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Lee Ohanian

Senior Fellow
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Lee Ohanian Hoover Headshot

Lee Ohanian

Senior Fellow

Lee E. Ohanian is a senior fellow at the Hoover Institution and a professor of economics and director of the Ettinger Family Program in Macroeconomic Research at the University of California, Los Angeles (UCLA). He is associate director of the Center for the Advanced Study in Economic Efficiency at Arizona State University and a research associate at the National Bureau of Economic Research, where he codirects the research initiative Macroeconomics across Time and Space. He is also a fellow in the Society for the Advancement of Economic Theory. His research focuses on economic crises, economic growth, and the impact of public policy on the economy. Ohanian is coeditor of Government Policies and Delayed Economic Recovery (Hoover Institution Press, 2012). He is an adviser to the Federal Reserve Banks of Minneapolis and St. Louis, has previously advised other Federal Reserve banks, foreign central banks, and the National Science Foundation, and has testified to national and state legislative committees on economic policy. He is on the editorial boards of Econometrica and Macroeconomic Dynamics. He is a frequent media commentator and writes for the Wall Street Journal, Forbes, and Investor’s Business Daily. He has won numerous teaching awards at UCLA and the University of Rochester. He previously served on the faculties of the Universities of Minnesota and Pennsylvania and as vice president at Security Pacific Bank. He received his undergraduate degree in economics from the University of California, Santa Barbara, and his PhD in economics from the University of Rochester.

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Michael Spence

Senior Fellow
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Michael Spence

Senior Fellow

Michael Spence is a senior fellow at the Hoover Institution, a professor of economics at the Stern School at New York University, and the Philip H. Knight Professor Emeritus of Management in the Graduate School of Business at Stanford University. Spence’s latest publication is The Next Convergence: The Future of Economic Growth in a Multispeed World (2011). He served as the chairman of the independent Commission on Growth and Development (2006–10). He was awarded the Nobel Memorial Prize in Economic Sciences in 2001 and the John Bates Clark Medal from the American Economic Association in 1981. He was awarded the David A. Wells Prize for the outstanding doctoral dissertation at Harvard University and the John Kenneth Galbraith Prize for excellence in teaching. He served as the Philip H. Knight Professor and dean of the Stanford Business School (1990–99). As dean, he oversaw the finances, organization, and educational policies of the school. He taught at Stanford as an associate professor of economics from 1973 to 1975. He served as a professor of economics and business administration at Harvard University (1975–90). In 1983, he was named chairman of the Economics Department and the George Gund Professor of Economics and Business Administration. Spence also served as the dean of the Faculty of Arts and Sciences at Harvard (1984–90), overseeing Harvard College, the Graduate School of Arts and Sciences, and the Division of Continuing Education. From 1977 to 1979, he was a member of the Economics Advisory Panel of the National Science Foundation and in 1979 served as a member of the Sloan Foundation Economics Advisory Committee. He has served as a member of the editorial boards of the American Economics Review, Bell Journal of Economics, and Journal of Economic Theory. Spence is a member of the boards of directors for General Mills and a number of private companies. He was chairman of the National Research Council Board on Science, Technology and Economic Policy (1991–97). He is a member of the American Economic Association and a fellow of the American Academy of Arts and Sciences and the Econometric Society.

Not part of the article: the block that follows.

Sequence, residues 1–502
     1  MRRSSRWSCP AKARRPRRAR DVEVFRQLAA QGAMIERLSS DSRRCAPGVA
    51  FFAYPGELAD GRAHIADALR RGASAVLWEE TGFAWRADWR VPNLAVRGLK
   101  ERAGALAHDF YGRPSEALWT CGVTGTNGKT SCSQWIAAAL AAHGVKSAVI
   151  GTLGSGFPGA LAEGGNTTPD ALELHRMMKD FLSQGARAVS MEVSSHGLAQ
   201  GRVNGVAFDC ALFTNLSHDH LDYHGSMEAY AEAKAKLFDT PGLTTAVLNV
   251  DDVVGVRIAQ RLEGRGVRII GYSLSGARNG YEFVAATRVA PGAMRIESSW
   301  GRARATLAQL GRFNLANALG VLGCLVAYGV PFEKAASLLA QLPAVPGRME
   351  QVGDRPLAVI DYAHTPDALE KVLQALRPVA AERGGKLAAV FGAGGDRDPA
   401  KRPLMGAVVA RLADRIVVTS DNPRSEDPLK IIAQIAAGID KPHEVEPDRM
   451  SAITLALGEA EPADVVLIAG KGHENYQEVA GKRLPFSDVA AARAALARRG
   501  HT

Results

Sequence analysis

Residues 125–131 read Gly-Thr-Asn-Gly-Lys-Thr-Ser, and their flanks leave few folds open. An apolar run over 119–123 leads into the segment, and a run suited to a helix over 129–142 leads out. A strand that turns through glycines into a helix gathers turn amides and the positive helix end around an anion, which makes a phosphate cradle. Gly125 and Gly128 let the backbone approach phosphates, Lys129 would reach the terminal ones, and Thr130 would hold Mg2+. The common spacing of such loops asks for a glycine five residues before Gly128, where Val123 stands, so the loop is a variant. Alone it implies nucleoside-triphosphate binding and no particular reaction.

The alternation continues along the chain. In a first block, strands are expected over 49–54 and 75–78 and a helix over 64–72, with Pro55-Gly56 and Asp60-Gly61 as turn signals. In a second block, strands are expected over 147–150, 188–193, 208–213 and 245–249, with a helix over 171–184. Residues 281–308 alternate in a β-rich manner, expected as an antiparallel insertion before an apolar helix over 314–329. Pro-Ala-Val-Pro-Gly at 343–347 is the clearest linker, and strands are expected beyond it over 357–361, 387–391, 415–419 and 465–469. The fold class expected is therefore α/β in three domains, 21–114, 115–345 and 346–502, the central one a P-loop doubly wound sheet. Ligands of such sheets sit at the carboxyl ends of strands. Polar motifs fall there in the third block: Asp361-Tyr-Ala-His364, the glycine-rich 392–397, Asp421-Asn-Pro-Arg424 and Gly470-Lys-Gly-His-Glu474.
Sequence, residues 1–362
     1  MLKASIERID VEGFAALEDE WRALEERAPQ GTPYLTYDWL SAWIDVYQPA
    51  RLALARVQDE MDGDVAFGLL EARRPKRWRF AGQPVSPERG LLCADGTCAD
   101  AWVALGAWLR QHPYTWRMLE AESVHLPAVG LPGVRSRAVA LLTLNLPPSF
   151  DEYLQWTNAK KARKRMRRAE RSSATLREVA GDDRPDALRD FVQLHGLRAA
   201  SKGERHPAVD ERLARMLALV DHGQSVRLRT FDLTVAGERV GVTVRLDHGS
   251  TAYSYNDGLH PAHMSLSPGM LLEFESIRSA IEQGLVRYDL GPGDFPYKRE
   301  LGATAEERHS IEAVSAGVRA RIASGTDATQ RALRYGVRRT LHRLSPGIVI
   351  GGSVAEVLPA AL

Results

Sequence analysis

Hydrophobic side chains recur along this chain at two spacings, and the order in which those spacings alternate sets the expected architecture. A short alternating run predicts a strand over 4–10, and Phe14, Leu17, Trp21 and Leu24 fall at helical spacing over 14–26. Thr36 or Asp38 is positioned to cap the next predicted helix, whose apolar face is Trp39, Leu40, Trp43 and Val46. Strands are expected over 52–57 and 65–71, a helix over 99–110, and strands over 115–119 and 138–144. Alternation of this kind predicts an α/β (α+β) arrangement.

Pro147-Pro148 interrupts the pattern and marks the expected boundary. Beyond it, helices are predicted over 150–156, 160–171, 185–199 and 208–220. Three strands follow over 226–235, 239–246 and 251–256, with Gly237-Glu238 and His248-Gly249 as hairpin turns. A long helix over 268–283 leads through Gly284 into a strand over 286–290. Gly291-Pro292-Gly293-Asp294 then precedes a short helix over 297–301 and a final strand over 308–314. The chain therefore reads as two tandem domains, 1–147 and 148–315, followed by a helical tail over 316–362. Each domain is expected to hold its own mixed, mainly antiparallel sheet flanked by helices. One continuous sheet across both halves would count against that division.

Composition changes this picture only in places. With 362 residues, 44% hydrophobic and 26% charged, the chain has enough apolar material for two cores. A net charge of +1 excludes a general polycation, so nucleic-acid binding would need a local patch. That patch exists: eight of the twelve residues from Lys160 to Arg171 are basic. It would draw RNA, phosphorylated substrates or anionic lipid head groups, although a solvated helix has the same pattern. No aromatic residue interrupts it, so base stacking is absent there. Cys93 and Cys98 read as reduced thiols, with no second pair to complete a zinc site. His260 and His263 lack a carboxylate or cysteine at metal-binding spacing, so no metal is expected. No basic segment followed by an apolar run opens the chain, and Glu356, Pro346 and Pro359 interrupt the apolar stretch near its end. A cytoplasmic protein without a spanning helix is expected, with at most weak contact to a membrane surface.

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The Renewing Indigenous Economies Project

Renewing Indigenous Economies Project